On the other hand, Paul Van Ness, who had been one of Baraka's teachers at Central Avenue School, recalled the young Leroy Jones years later in a letter to William Kunstler: "He was a good student, a quiet, philosophical boy, and we had long discussions."

And there was a moment, in the sixties, when America's media establishment hoped to enlist Amiri Baraka in their swelling ranks. Following the remarkable success of the Obie-winning play Dutchman,, even the New York Times came calling. Baraka recollects in his Autobiography: "It was as if the door to the American Dream had just swung open, and despite accounts that I was wild and crazy, I could look directly inside and there were money bags stacked up high as the eye could fly." But Baraka closed that door. When the same play was performed in Harlem the white press read the text differently, took it personally, and the phone started ringing in J. Edgar Hoover's offices.

But the work never stopped coming. Some readers, looking at the title of Baraka's Preface to a Twenty Volume Suicide Note through the lenses of a retro-Beat ethos, seem to have overlooked the words "Preface" and "Twenty Volume." I took a census of my bookshelves before coming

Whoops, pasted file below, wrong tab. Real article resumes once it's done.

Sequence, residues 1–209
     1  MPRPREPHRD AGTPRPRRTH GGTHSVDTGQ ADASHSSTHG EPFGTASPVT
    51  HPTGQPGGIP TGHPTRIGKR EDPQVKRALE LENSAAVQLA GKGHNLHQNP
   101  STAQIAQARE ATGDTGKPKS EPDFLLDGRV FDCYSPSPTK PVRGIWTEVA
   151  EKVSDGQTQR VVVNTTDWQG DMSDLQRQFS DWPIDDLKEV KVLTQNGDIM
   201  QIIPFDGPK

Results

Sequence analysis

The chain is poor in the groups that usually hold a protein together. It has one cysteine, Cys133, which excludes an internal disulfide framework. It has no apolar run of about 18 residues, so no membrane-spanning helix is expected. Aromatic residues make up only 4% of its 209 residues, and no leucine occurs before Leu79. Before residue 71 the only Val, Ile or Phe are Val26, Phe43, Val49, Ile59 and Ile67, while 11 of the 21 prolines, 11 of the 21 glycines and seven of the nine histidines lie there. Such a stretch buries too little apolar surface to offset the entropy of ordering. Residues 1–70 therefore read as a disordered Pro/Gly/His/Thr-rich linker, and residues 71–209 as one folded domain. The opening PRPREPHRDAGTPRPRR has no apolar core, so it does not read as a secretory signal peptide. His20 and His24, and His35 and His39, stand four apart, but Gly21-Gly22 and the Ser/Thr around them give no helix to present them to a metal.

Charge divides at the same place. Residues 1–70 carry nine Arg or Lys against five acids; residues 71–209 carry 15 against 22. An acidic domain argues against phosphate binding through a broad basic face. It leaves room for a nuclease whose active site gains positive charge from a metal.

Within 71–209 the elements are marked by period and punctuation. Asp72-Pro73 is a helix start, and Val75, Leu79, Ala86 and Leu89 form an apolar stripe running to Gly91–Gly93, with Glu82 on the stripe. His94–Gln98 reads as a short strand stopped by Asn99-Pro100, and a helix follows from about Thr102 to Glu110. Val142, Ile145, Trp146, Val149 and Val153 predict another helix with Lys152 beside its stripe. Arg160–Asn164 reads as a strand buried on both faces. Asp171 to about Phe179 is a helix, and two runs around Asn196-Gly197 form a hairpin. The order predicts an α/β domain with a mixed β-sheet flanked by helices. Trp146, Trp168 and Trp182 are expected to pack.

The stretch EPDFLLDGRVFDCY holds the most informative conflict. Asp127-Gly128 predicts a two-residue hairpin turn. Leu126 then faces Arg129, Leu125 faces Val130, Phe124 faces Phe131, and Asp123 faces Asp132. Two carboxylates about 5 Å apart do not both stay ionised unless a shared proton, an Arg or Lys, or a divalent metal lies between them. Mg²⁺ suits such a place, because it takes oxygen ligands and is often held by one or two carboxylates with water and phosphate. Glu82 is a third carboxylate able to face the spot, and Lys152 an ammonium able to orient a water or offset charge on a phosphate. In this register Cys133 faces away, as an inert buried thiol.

here and noted that the volumes have now exceeded forty in number, and that's not even counting all the play productions, recordings, opera and broadsheets. The books of poetry include The Dead Lecturer, Black Magic, In our Terribleness. Spirit Reach, Reggae or Not, Transbluesency. Funk Lore and Hard Facts. The prose volumes, which one of his publishers oddly lists all under the rubric of fiction, include Home. Blues People, Black Music, Daggers and Javelins, Raise and The Autobiography. The newly published Fiction of LeRoi Jones / Amiri Baraka includes Tales. The System of Dante's Hell and his second novel, 6 persons, which until now could only be read in manuscript form among his papers. Then there are the genre-defying works such as Eulogies and The Music. The Music includes important work by both Amiri and Amina Baraka, and any accounting of Amiri Baraka's works would have to include such significant collaborations with Amina Baraka as the anthology Confirmation, their 1982 collection of writings by African American Women. The plays extend from 1964's The Baptism and Dutchman, through A Black Mass, The Toilet, Madheart, Slave Ship. What Was the Relationship of the Lone Ranger to the Means of Production and S-l.